Bike Master Plan Strategy, Broad or Deep?November 5, 2009
There are at least three different ideas for how to sequence the build-out of the next phase of Portland’s bicycle network:
- The plan Steering Committee (full disclosure – I am a member of the Steering Committee) has suggested a focus on first implementing a large expansion to the City’s Bicycle Boulevard network. These are low-traffic neighborhood streets where cars are infrequent and travel more slowly than on major streets. These boulevards are assisted with crossing treatments at major arterials.
- Supporters of the North Portland Greenway and Sullivan’s Gulch trails testified at the last hearing that off-street trails should be a higher priority.
- And most recently, the urban design folks at Crandall Arambula have suggested that a network of protected bikeways (aka cycle tracks for those of you familiar with the European examples) connecting key centers around the City are likely to lead to the highest rates of cycling. And they insist that these bikeways must enjoy physical separation (i.e., concrete), not just painted boundaries.
All three ideas are targeting the “interested but concerned” demographic of potential cyclists, which comprises as much as 60% of the population.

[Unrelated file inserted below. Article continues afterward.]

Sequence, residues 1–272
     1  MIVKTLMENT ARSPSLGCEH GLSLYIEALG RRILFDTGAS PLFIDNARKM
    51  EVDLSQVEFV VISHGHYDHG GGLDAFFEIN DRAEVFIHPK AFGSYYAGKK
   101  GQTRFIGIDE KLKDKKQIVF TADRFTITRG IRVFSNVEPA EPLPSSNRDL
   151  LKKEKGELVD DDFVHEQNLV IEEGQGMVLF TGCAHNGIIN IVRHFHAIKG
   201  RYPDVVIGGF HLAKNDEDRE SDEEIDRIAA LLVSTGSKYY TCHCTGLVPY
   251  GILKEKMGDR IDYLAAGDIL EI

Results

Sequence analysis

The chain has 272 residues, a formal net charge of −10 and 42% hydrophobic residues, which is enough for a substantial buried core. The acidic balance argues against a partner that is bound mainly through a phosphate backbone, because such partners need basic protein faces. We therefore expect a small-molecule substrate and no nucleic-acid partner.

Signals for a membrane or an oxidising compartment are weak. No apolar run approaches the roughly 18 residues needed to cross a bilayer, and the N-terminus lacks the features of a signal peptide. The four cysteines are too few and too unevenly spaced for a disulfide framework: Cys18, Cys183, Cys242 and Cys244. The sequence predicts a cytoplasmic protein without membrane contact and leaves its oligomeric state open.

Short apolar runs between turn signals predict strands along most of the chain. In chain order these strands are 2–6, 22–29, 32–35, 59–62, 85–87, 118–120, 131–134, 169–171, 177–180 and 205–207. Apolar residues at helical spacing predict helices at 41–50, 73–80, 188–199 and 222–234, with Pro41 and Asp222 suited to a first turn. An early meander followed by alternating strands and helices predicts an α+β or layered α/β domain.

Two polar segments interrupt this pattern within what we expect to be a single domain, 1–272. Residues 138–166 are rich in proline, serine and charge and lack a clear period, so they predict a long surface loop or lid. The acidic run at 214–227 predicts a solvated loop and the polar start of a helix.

But the strategies are radically different. Bicycle Boulevards are dramatically less expensive to build, so for the same amount of dollars we could get potentially hundreds of miles of bicycle boulevard, one major trail or perhaps several tens of miles of protected bikeways on the street system.
The reality is that we will almost certainly do some of each, based on grabbing opportunities to leverage funding that may only be available for certain categories of projects.
But to the extent that we have funds for the network that are not linked to a specific facility type, are we better off building boulevards that could reach many cyclists, or separated facilities that would provide an experience that might be perceived as more comfortable on a limited set of corridors? Where should our emphasis be to attract the largest pool of potential new riders?
The Planning Commission will make its recommendation on November 10th, so weigh in now! You are welcome to discuss the issue here, and written comments are being accepted through November 8th at the PBOT site for the plan.